Damage to Civil Engineering Structures


Civil engineering structures were subject to enormous damage, considered to be worse than that incurred during the Great Kanto Earthquake, and this included the collapse of overhead Shinkansen rails, the collapse of overhead rails belonging to the Hanshin Hankyu Electric Railways, and the collapse and overturning of the main supports of the expressway.

This exceedingly shocking form of damage occurred to the sc overhead support--Mos, considered modern when built, between Ashiya Post Office and Uozaki. Many of the other overhead supports which received damage were constructed between 1965 and 1975, and most of them were designed and installed in accordance with the design policies of the day. The removal of these damage supports was carried out at a frantic pace in order to secure emergency transportation routs and enable recovery work to continue.

Damage also occurred in underground structures made of the same material in the metropolis. Underground structures were always considered safe from the effects of earthquakes until now, but subsidence also occurred to the roads which inters ect the Kobe Expressway. This subsidence caused the central pillar on the underground platform and the station ceiling of Daikai Station to collapse. It is thought that the main reason for the collapse of the underground station's central pillar was the fact that the epicenter of the quake was nearby and the fact that the rate of lateral movement was greater than originally provided for in the design, which indicates that greater care should be taken on cause surveys in the future.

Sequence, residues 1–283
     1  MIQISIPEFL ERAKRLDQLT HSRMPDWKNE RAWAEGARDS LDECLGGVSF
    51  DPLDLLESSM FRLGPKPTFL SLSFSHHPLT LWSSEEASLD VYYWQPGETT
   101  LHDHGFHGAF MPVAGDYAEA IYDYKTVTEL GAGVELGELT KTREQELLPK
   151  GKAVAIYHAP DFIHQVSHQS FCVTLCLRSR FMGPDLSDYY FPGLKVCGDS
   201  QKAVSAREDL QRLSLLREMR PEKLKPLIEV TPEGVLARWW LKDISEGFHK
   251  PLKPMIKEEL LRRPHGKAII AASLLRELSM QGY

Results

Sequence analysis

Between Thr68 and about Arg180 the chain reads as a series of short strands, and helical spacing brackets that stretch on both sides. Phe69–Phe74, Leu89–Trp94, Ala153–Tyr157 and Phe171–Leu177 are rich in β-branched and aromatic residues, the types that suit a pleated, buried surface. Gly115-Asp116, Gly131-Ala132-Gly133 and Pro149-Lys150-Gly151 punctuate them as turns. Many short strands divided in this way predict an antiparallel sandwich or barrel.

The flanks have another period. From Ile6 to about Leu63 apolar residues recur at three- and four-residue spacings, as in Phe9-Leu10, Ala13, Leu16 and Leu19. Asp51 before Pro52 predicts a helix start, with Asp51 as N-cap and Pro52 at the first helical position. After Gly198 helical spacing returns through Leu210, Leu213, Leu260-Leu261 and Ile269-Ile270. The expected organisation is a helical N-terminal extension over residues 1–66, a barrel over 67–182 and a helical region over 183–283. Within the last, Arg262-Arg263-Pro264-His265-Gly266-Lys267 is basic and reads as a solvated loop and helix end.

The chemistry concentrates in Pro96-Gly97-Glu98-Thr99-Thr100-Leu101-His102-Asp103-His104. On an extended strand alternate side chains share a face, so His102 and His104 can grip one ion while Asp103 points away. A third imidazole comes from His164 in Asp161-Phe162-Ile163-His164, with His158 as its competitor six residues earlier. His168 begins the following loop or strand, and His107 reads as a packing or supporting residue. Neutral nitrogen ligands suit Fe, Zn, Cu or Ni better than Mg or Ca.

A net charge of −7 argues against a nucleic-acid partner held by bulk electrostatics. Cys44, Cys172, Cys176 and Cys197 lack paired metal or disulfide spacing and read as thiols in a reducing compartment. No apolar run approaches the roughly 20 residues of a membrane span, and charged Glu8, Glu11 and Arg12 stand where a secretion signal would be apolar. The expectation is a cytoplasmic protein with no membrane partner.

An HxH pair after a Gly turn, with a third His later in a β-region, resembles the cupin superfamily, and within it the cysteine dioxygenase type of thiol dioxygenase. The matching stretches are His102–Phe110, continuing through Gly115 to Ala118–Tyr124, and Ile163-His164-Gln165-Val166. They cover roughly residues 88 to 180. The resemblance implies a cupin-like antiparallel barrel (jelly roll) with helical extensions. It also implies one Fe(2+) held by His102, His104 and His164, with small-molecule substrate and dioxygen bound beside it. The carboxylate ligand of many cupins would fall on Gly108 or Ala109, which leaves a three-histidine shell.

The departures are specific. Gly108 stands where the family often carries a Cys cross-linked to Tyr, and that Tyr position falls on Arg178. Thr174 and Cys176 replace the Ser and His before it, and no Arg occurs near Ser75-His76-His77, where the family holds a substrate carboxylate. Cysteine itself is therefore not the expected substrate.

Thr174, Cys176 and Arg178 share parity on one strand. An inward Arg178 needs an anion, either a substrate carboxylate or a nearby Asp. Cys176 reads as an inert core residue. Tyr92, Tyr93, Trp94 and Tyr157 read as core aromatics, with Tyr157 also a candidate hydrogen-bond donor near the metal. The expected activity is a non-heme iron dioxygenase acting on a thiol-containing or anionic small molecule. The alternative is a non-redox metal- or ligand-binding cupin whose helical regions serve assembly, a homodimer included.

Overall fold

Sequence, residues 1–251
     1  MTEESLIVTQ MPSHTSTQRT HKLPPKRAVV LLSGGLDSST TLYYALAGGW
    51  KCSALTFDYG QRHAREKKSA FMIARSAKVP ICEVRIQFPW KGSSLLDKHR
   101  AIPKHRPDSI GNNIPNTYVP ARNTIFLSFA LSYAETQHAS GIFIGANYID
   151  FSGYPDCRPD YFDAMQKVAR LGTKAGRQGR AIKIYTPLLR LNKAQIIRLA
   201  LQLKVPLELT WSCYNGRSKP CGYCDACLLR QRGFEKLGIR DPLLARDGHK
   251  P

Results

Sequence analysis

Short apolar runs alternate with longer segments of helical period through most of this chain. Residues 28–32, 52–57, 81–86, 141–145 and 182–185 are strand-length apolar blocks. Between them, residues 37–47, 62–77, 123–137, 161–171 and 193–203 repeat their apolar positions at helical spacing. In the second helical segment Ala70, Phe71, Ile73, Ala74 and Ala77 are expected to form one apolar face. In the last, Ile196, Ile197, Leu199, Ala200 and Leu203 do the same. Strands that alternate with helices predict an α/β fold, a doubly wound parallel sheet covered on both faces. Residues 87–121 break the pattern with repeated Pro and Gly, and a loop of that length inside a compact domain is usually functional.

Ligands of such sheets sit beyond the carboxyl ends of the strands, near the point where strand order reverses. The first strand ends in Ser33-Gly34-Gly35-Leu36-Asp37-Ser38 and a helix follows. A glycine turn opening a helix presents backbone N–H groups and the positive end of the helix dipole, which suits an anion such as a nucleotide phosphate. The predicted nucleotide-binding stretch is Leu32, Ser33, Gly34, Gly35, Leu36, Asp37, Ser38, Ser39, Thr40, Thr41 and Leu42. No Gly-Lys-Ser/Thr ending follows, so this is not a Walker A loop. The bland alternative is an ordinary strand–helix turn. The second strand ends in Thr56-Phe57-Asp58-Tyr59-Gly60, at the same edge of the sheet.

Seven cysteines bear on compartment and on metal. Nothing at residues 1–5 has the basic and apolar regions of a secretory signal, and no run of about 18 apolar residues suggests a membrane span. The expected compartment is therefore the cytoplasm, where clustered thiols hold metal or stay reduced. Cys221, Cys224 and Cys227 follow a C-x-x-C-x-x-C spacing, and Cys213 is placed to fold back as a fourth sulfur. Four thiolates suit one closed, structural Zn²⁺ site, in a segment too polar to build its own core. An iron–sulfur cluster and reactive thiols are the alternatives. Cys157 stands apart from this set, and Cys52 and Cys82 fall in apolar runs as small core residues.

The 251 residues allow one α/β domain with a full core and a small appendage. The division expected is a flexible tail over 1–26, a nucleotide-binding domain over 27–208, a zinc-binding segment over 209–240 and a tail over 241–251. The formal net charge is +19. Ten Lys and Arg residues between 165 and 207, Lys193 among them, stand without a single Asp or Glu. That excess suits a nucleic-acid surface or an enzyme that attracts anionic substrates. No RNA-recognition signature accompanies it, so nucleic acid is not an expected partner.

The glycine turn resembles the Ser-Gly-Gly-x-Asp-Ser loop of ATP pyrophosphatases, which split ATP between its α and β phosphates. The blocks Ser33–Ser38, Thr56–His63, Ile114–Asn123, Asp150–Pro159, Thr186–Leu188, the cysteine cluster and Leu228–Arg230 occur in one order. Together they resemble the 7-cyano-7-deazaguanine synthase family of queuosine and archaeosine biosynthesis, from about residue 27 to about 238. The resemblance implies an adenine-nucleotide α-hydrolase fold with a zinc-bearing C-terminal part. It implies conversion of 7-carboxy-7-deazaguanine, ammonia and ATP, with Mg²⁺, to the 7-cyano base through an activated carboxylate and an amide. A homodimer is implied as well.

Reports have been issued regarding the damage to harbor facilities following the earthquakes which struck the areas surrounding Hokkaido between 1993 and 1994. The Hanshin earthquake also inflicted damage on harbour facilities, but the scale of the damage exceeded anything ever experienced before. Immense damage was especially inflicted upon the caisson sheet breakwaters of man-made islands such as Port Island and Rokko Island. The damagereceived by the harbor facilities on the East Kobe Wharf included heavy subsidence of the apron (approximately 3 to 4 meters) owing to polder liquification of the caisson-style banks. Similar forms of damage appeared all over this area, and it has been cal culated that a minimum of three years and a budget of 940 billion will be required to effect recovery.

The Hanshin earthquake inflicted enormous damage on civil engineering structures , and it is thought that the cause of this damage will be solved by further dama ge surveys.

From now on we will clarify the damage that could have been foreseen with the use of these considerations and establish methods of obtaining damage information in the immediate aftermath of an earthquake. We are also looking into the possibility of reviewing anti-earthquake capabilities to ensure hospitals, schools and other places of evacuation can remain free from disaster by analyzing the flow and process of the damage.



The East Kobe's ferry wharf with its damaged apron



The overturned overhead supports of the Kobe line of the Hanshin Expressway



Road subsidence over Daikai Station on the Kobe Express Railway



Daikai Station's collapsed central pillar


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